Have you ever wondered what would happen if you tried to cram three movies into one? With “Mute,” Duncan Jones attempts to find out.
A passion project 16 years in the making, “Mute” appears to be the type of dexterously engaging film that we’ve come to expect from Jones, the director behind “Moon” and “Source Code.” The film falls flat, however, tripping over its own meandering plot, negligible character building and confused setting.
The movie details the story of Leo (Alexander Skarsgård), an aloof Amish bartender. As a child, Leo was involved in a motorboat accident in which his throat was slashed open, and he subsequently lost the ability to speak. In the present, Leo’s world is turned upside down when his girlfriend Naadirah (Seyneb Saleh) goes missing and he is pulled deeper into the seedy underbelly of Berlin in his quest to find her. His search leads him deeper into the intrigue of Naadirah’s life, with no recurring links save for a pair of criminal surgeons, Cactus Bill (Paul Rudd) and Duck (Justin Theroux).
Yet Leo appears unaffected in his search for his beloved, going through the motions out of obligation, not devotion. His stoic expression goes beyond reticence or any limitations cast on him by his accident — it is perennially present, unchanged even in moments of anguish. His characterization is scant; most of what we know about him comes through the words of others. As a result, we are equally skeptical of Naadirah’s insistence that he is a “good man” and of Duck’s perception of him as a lumbering oaf.
Perhaps the most chilling aspect of Leo’s characterization is that he remains detached when he’s being affectionate and when he’s violently attacking someone. His interactions with supporting characters — who speak in an unnatural parody of colloquial speech in quasi-German-accented English — are stilted. We aren’t sympathetic toward Leo’s cause nor privy to his motives.
The characterization and dynamic of Cactus and Duck, defectors of the U.S. Army hiding out in Berlin, is perhaps the film’s brightest spot. The atmosphere between the two is relaxed and their camaraderie is evident. They illicitly work together as surgeons who quietly handle mob-related injuries. Paul Rudd shines as Cactus and is so inherently likable as a father to his young daughter (Mia-Sophie and Lea-Marie Bastin) that we are surprised to see the depths of his cruelty and violence.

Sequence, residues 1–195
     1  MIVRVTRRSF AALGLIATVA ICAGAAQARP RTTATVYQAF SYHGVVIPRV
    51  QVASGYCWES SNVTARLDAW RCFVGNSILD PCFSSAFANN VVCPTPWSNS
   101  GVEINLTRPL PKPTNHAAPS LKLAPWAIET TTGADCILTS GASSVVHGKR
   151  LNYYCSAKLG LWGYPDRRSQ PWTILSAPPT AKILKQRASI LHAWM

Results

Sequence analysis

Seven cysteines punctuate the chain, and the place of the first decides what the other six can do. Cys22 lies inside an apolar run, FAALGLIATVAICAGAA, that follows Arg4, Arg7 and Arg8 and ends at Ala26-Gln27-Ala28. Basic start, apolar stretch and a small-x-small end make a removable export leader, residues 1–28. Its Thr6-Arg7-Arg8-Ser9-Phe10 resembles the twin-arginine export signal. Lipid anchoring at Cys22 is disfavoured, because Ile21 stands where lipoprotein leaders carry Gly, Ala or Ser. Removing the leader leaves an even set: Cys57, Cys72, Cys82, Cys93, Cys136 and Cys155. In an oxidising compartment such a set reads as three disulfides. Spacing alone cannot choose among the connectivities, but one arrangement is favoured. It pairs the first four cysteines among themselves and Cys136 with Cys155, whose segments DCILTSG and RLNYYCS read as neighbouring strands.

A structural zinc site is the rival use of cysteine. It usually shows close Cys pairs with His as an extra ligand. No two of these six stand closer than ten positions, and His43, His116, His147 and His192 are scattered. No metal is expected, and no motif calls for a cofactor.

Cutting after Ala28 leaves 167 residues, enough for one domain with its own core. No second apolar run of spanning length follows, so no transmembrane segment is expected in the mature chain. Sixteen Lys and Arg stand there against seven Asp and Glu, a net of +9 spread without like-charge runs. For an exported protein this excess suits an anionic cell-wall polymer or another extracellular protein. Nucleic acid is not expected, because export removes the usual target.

Duck is strangely unhinged, portrayed expertly by Justin Theroux, and the buildup is such that the ultimate reveal of his perversity feels in-character. As Leo’s story ties into Cactus and Duck’s, we get further insight into their involvement with Naadirah’s disappearance and the depths of their derangement.
Jones’ Berlin is a strange juxtaposition of grimy, old film noir, mundane, contemporary modernism and futuristic sci-fi. Jones attempts to set up an ultramodern city; the streets are slick with moisture that reflects the characteristic neon glow of the quintessentially futuristic city where cars zip across the horizon and robots dance at strip clubs — yet the CGI fails to impress.
It falls short in its rendering — not nearly impressive enough to warrant comparisons with “Blade Runner 2049.” Perhaps in an attempt to mimic the organic growth of a city, “Mute” endeavors to present both old and futuristic technology but only manages to create a slick city with jarring anachronistic elements, such as the print newspaper Leo reads over the rim of his coffee cup. Jones’ attempt at creating a sci-fi movie feels feeble — it lacks the worldbuilding to stand on its own. Instead, it can be uncomfortably hyphenated as a film noir-mobster crime-science fiction film featuring a mute Amish bartender.
Ultimately, the film’s climax is underwhelming, and its plot threads remain disconnected as the story draws to a close, like separate stories shoddily fashioned into one, which, considering its lengthy gestation, is probably what occurred over multiple drafts. Duncan Jones’ lackluster attempt is the latest in a string of overhyped disappointments from Netflix, joining the ranks of films such as “Bright” and “The Cloverfield Paradox.” “Mute” is not the daring sci-fi noir film it could have been — it is merely the idea of one.
“Mute” is currently available for streaming on Netflix.
Contact Maryam Khan at [email protected].